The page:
1. "Of the many unforeseen consequences of typography, the emergence of nationalism is, perhaps, the most familiar. Political unification of populations by means of vernacular and language groupings was unthinkable before printing turned each vernacular into an extensive mass medium. The tribe, an extended form of a family of blood relatives, is exploded by print, and is replaced by an association of men homogeneously trained to be individuals. Nationalism itself came as an intense new visual image of group destiny and status, and depended on a speed of information movement unknown before printing. Today nationalism as an image still depends on the press but has all the electric media against it. In business, as in politics, the effect of even jet-plane speeds is to render the older national groupings of social organization quite unworkable. In the Renaissance it was the speed of print and the ensuing market and commercial developments that made nationalism (which is continuity and competition in homogeneous space) as natural as it was new."
    — Marshall McLuhan, Understanding Media: The Extensions of Man (1967)

    (Source: slartibartfastibast)

     
  2. Billions of years from now, he began to narrate, long after city lights and the humans who made them have disappeared from the Earth, other intelligent species might eventually begin to see traces of humanity’s long-since erased presence on the planet. 

    Consider deep-sea squid, Paglen suggested, who would have billions of years to continue developing and perfecting their incredible eyesight, a sensory skill perfect for peering through the otherwise impenetrable darkness of the oceans—yet also an eyesight that could let them gaze out at the stars in deep space. 

    Perhaps, Paglen speculated, these future deep-sea squid with their extraordinary powers of sight honed precisely for focusing on tiny points of light in the darkness might drift up to the surface of the ocean on calm nights to look upward at the stars, viewing a scene that will have rearranged into whole new constellations since the last time humans walked the Earth.

    And, there, the squid might notice something. 

    High above, seeming to move against the tides of distant planets and stars, would be tiny reflective points that never stray from their locations. They are there every night; they are more eternal than even the largest and most impressive constellations in the sky sliding nightly around them. 

    Seeming to look back at the squid like the eyes of patient gods, permanent and unchanging in these places reserved for them there in the firmament, those points would be nothing other than the geostationary satellites Paglen made reference to. 

    This would be the only real evidence, he suggested, to any terrestrial lifeforms in the distant future that humans had ever existed: strange ruins stuck there in the night, passively reflecting the sun, never falling, angelic and undisturbed, peering back through the veil of stars.

    http://bldgblog.blogspot.nl/2014/08/through-cracks-between-stars.html

     
  3. Pendulum Wave

     
     
  4. prostheticknowledge:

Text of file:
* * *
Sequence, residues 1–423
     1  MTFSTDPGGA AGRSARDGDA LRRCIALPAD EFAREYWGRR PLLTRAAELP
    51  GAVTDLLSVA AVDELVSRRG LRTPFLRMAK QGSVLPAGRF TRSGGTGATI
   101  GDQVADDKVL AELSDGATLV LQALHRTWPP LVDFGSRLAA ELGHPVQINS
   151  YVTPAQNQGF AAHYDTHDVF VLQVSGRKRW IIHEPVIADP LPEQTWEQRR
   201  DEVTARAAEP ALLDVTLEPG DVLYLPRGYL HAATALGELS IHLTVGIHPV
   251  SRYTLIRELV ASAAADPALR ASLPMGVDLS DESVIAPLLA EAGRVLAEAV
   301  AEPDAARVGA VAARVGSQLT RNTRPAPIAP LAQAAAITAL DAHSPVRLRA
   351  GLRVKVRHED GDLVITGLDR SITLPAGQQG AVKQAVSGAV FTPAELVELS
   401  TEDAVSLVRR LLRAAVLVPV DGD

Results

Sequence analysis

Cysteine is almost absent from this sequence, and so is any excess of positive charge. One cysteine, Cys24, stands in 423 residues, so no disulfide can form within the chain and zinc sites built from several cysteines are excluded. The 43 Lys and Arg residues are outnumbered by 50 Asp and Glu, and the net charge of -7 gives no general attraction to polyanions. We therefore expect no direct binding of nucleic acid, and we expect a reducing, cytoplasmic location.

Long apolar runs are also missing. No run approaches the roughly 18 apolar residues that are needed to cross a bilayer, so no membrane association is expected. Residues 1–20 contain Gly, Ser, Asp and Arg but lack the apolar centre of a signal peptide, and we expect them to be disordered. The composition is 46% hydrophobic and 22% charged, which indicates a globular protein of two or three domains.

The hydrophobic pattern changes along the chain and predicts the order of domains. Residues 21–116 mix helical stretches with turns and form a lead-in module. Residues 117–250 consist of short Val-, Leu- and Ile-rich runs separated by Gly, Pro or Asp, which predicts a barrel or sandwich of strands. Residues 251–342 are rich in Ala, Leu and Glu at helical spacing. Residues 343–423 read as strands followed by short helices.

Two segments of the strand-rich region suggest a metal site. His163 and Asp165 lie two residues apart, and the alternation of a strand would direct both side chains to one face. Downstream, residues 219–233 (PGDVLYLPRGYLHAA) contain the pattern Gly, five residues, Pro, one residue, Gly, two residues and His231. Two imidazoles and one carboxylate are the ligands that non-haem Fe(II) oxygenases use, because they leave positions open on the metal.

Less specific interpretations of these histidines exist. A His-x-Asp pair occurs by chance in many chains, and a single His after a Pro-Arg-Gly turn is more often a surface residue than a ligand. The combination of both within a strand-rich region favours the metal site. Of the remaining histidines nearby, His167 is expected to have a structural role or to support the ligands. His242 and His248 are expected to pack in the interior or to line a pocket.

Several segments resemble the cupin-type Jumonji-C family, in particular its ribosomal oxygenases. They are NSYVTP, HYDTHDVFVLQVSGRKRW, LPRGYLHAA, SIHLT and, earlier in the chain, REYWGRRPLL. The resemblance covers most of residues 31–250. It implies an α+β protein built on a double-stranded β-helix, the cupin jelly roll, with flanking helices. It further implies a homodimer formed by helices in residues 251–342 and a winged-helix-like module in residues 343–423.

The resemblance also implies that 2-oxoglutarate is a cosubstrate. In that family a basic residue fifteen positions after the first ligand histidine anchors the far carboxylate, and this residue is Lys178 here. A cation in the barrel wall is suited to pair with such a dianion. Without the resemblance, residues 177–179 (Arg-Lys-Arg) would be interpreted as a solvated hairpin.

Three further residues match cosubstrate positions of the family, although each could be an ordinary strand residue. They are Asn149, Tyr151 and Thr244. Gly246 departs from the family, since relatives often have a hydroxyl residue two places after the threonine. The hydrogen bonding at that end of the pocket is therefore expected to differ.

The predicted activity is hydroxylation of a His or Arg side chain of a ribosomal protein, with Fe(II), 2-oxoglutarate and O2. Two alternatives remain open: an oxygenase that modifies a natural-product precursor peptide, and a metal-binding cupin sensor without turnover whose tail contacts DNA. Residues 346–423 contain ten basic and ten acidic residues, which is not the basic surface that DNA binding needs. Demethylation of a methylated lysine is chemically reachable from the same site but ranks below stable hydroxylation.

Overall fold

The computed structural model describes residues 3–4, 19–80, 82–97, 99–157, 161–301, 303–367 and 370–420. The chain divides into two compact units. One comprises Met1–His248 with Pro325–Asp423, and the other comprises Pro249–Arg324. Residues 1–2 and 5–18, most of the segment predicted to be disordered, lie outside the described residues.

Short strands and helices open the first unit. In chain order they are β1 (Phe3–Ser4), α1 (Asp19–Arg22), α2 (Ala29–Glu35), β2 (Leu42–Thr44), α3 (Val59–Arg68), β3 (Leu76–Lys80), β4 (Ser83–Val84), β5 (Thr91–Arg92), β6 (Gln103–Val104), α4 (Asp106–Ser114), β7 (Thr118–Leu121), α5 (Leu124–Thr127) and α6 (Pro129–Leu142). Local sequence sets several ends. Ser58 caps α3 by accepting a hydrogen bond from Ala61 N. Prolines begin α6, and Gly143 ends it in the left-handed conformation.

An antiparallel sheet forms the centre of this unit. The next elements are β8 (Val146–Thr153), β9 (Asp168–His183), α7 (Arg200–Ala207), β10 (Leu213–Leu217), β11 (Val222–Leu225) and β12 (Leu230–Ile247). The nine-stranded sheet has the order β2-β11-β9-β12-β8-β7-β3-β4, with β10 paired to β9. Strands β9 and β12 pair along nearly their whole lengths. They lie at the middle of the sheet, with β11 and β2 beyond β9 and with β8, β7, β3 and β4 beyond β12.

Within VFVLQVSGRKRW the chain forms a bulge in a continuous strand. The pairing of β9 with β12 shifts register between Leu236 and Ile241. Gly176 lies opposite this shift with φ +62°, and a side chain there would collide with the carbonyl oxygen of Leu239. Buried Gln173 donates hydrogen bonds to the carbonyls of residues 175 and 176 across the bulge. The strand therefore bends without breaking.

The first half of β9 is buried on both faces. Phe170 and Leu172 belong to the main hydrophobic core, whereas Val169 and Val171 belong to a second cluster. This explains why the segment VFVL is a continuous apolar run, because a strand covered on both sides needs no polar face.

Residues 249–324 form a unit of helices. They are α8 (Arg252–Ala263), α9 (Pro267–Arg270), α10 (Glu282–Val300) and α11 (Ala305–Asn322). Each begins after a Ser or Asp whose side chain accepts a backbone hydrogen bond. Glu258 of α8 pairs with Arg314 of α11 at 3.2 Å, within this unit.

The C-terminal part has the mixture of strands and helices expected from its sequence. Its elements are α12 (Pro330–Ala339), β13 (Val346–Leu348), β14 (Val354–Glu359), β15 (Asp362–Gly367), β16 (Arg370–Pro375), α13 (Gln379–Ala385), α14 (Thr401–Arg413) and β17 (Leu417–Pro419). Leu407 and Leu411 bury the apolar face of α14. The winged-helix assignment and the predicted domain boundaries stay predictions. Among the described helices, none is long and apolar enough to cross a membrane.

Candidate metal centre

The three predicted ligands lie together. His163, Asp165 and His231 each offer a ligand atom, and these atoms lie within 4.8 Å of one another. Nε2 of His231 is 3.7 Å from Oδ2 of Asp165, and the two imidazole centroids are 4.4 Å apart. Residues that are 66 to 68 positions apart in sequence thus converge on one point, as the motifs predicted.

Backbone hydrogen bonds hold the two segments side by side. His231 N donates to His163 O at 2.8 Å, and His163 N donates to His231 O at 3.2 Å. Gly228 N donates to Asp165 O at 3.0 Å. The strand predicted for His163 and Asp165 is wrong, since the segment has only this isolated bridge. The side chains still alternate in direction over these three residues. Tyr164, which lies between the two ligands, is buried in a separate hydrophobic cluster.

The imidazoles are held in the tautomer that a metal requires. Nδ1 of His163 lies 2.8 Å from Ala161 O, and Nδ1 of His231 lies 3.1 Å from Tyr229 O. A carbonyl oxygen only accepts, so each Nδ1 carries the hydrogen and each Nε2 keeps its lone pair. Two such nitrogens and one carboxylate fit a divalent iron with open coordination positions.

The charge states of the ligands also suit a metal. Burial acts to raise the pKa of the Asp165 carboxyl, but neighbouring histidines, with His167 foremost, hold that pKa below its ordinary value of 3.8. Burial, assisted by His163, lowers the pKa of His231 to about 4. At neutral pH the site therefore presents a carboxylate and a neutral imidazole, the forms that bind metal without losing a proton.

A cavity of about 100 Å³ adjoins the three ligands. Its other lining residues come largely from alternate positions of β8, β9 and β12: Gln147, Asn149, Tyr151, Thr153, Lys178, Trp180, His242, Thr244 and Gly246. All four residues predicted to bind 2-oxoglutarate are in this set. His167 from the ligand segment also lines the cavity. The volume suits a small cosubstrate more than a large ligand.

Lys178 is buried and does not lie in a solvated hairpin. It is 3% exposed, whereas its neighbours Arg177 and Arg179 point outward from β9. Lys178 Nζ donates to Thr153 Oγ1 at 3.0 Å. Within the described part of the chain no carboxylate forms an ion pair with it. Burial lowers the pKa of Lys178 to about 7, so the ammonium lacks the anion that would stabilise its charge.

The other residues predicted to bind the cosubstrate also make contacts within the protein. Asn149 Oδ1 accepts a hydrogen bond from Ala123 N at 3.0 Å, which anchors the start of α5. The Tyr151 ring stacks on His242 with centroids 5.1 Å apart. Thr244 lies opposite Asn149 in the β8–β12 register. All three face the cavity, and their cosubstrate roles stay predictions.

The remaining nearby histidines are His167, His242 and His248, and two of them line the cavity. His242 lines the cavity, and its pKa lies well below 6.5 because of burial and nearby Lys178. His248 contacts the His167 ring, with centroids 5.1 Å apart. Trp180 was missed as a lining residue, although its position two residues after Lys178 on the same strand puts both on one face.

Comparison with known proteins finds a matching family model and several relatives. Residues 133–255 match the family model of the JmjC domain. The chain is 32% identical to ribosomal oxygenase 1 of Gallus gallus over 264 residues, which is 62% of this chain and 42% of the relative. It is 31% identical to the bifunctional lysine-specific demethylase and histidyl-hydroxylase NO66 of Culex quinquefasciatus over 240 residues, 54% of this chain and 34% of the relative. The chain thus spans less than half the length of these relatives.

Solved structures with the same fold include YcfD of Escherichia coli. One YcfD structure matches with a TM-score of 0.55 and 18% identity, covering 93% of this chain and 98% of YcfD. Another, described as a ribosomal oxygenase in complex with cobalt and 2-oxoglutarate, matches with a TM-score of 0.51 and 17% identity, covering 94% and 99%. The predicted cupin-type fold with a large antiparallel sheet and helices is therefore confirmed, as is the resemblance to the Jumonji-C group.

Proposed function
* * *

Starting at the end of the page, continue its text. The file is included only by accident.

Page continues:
Error Message Screen

    Japanese Tumblr blog documenting public display errors in the country, from blue screen of deaths, Window operating system backgrounds to pop up notifications. Users can submit there findings to the blog.

    The errormessagescreen Tumblr blog can be found here

     
  5. asapscience:

    Woah. The sun from Mars. 

    Captured by NASA’s Mars Rover Spirit. The image is a false color composite, showing the sky similar to what a human would see, but with the colors slightly exaggerated.

    via Reddit

     

  6. the-netocrat:

    The freedom of thought is an interesting concept. Instead of being forced into certain ideas and being controlled into believing things, the philosopher John Stuart Mill proposes that for correct ideas to find their way into society, deviation from the norm is necessary. Unless society is…

     
  7. eidesis:

    maidsafe.net Privacy. Security. Freedom.

    (Source: dackdel)

     
     

  8. The Maker’s Bill of Rights

    • Meaningful and specific parts lists shall be included.

    • Cases shall be easy to open.

    • Batteries should be replaceable.

    • Special tools are allowed only for darn good reasons.

    • Profiting by selling expensive special tools is wrong and not making special tools available is even worse.

    • Torx is OK; tamperproof is rarely OK.

    • Components, not entire sub-assemblies, shall be replaceable.

    • Consumables, like fuses and filters, shall be easy to access.

    • Circuit boards shall be commented.

    • Power from USB is good; power from proprietary power adapters is bad.

    • Standard connecters shall have pinouts defined.

    • If it snaps shut, it shall snap open.

    • Screws better than glues.

    • Docs and drivers shall have permalinks and shall reside for all perpetuity at archive.org.

    • Ease of repair shall be a design ideal, not an afterthought.

    • Metric or standard, not both.

    • Schematics shall be included.

     
  9. A Portrait of Eliane Radigue

     
     
  10. Zizek on Cultural Capitalism